A total of 160 ewes on one farm in England were studied for 18 months. The incidence of footrot and interdigital dermatitis in individually identified sheep and treatment and flock control measures were recorded. A binomial mixed effect model with the incidence of footrot or interdigital dermatitis as the outcome was used to investigate patterns of association between treatments, flock control measures and the incidence of footrot or interdigital dermatitis. In this one flock, the incidence of footrot and interdigital dermatitis was positively associated with the incidence of footrot and interdigital dermatitis and with trimming of feet and negatively associated with the use of parenteral antibiotics and topical antibiotic sprays in either the first and/or second 2-week period prior to the incidence of interest. These results provide two hypotheses: one that 'footrot and interdigital dermatitis are infectious diseases that can be controlled, in part, through the use of antibiotic therapy, which acts to reduce the infectious period of diseased sheep' and two, that 'routine trimming of diseased and healthy feet exacerbate disease, through environmental contamination and/or through increased susceptibility of sheep with recently trimmed feet'.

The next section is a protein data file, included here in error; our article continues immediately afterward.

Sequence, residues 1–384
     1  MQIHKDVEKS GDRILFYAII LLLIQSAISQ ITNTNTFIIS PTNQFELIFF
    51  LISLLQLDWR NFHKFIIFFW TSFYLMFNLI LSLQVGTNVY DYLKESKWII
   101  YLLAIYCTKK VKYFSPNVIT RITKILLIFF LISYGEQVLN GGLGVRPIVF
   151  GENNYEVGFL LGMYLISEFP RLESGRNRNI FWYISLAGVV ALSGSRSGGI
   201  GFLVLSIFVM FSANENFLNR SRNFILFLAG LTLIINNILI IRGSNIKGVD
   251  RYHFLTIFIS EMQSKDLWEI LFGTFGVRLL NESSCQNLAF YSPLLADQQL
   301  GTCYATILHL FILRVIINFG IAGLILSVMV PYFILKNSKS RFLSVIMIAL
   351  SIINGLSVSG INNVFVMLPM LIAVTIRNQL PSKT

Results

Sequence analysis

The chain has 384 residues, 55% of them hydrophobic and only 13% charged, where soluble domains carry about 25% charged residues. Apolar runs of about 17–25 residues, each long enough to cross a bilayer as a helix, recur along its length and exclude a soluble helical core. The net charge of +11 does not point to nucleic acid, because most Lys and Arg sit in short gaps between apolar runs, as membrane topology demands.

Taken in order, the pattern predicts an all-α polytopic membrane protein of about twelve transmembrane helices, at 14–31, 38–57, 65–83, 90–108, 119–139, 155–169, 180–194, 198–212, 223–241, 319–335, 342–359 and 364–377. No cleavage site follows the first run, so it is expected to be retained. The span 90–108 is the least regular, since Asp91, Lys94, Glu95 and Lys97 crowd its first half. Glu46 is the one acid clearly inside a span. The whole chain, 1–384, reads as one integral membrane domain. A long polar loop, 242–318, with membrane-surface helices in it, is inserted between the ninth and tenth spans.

Bibliographical noteFunding Information:
We thank the farmer for her contribution to this project and Ynte Schukken for useful discussions on the analysis of the data. This study was funded by the Department for Environment, Food & Rural Affairs (Project No. AW1007).
- Mixed model
ASJC Scopus subject areas
- Food Animals
- Animal Science and Zoology